Macquarie 2019 Real Assets & Alternatives – Themes & Outlook

Investing
  • Investments in physical assets like real estate, infrastructure, commodities, and natural resources may provide absolute and risk-adjusted returns that exceed those of many equity and fixed income investments
  • Many real asset classes also generally share inflation protection as a common trait

Even with inflation, infrastructure asset demand can persist

  • Concerns about economic conditions and other factors could trigger a shift in sentiment that may broadly favor listed infrastructure in 2019
  • Potential for higher inflation arising from central bank monetary policies to help stimulate economic growth over the past few years is a longer-term risk for all asset owners; many infrastructure assets can charge prices that are wholly or partly linked to inflation
  • This defined and automatic ability to pass through inflation to customers is in contrast to the situation faced by companies in competitive markets, which may find that as their costs rise with inflation, competitive pressures prevent them from raising prices and hence their profit margins and earnings may be squeezed

Trends in natural resources could shape the investing landscape

  • Beyond the longer-term tug of war between traditional fossil fuels and renewables lie both shorter- and medium-term supply dynamics that we believe should support the sector across the value chain for several years
  • Activity in the US will continue to be focused toward energy infrastructure
  • In Australia, rebalancing of the energy landscape and refinancing bank loans into longer-dated institutional debt will continue to shape the market as borrowers and governments look to remove refinancing risk
  • Global opportunity for renewable energy continues to be a major theme in the market as it becomes an increasingly competitive and attractive source of generation with falling technology costs and efficiency improvements; expect to see innovative financings and consolidation of portfolio ownership in established technologies including wind and solar, knowledge sharing leading to new transactions across regions such as offshore wind into the US, and increasing comfort with newer technologies like battery storage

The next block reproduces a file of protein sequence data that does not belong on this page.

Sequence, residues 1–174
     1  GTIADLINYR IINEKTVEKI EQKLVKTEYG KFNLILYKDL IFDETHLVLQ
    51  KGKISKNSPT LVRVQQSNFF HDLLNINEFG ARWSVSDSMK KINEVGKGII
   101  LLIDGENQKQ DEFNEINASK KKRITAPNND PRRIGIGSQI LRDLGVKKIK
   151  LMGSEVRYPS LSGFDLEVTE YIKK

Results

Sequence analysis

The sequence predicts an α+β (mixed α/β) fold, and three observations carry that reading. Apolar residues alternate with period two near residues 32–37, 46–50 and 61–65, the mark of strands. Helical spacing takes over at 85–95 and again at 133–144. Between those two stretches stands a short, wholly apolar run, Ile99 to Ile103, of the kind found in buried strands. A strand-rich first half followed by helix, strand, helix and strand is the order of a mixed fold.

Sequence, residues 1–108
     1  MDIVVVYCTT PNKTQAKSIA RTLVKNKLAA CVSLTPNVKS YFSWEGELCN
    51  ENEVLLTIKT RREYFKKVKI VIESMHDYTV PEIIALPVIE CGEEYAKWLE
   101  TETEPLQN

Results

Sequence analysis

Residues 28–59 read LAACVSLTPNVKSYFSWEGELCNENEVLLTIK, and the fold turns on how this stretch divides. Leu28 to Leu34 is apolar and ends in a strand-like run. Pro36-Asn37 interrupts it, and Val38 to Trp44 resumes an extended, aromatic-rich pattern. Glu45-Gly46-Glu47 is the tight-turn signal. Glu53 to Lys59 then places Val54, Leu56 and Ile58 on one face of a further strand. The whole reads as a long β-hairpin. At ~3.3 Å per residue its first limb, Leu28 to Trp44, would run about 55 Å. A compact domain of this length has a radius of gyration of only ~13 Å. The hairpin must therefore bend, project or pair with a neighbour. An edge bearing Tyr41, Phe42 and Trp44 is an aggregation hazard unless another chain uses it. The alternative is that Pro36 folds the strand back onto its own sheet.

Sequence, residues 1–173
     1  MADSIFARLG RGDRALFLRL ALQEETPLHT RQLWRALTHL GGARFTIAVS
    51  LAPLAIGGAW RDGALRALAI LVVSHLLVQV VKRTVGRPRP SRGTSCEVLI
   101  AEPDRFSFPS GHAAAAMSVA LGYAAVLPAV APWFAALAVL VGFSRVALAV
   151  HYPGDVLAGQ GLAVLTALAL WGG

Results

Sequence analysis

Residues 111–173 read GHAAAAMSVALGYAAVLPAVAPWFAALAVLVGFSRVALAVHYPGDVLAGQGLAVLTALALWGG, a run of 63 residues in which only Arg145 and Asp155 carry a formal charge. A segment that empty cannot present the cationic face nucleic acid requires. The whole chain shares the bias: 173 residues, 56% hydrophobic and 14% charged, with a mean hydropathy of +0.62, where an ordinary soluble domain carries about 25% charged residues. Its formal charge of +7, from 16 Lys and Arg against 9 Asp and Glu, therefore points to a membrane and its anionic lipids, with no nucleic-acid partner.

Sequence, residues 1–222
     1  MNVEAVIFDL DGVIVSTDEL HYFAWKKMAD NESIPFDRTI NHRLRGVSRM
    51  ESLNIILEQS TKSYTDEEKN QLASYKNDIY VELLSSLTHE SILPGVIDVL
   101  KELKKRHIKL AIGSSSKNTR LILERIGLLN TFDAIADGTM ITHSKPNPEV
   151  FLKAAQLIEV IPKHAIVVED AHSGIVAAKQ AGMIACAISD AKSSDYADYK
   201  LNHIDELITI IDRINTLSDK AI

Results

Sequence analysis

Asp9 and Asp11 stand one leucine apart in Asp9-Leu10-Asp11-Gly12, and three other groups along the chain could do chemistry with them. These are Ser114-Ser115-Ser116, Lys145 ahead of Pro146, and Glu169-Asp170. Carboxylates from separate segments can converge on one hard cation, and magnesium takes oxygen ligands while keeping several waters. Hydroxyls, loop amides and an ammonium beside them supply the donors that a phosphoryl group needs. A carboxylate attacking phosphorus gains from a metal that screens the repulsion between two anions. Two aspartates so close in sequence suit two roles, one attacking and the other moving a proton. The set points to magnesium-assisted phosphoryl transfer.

• In crude oil, we see significant issues from major producers such as Venezuela and Iran; trends are positive on demand – some from expected sources such as China and others from underappreciated areas such as India; these trends could support higher oil prices into 2020; also bullish on certain North American shale plays
  • Base metal that is appealing as we enter 2019 is copper, which struggled in the latter part of 2018 due to increased trade tension between China and the US; China accounts for 50% of worldwide demand for copper and the Chinese economy appears strong for the near to middle term, firming up foundational demand for the metal

Listed real estate markets show resilience, maturity

  • REITs came under pressure in recent quarters, as rising US interest rates led to underperformance relative to other equity assets during a stretch of 2018
  • Continued US economic strength generally led to stabilized yields and positive earnings surprises in sectors such as retail, which more recently appeared to buoy REIT markets
  • Strong-performing sectors such as residential REITs in Germany and Sweden, and manufactured homes in the US, are examples of areas recently driving growth within REIT markets; Asia, where housing continues to be expensive, is a region where we see notable weakness, and our strategy is well underexposed there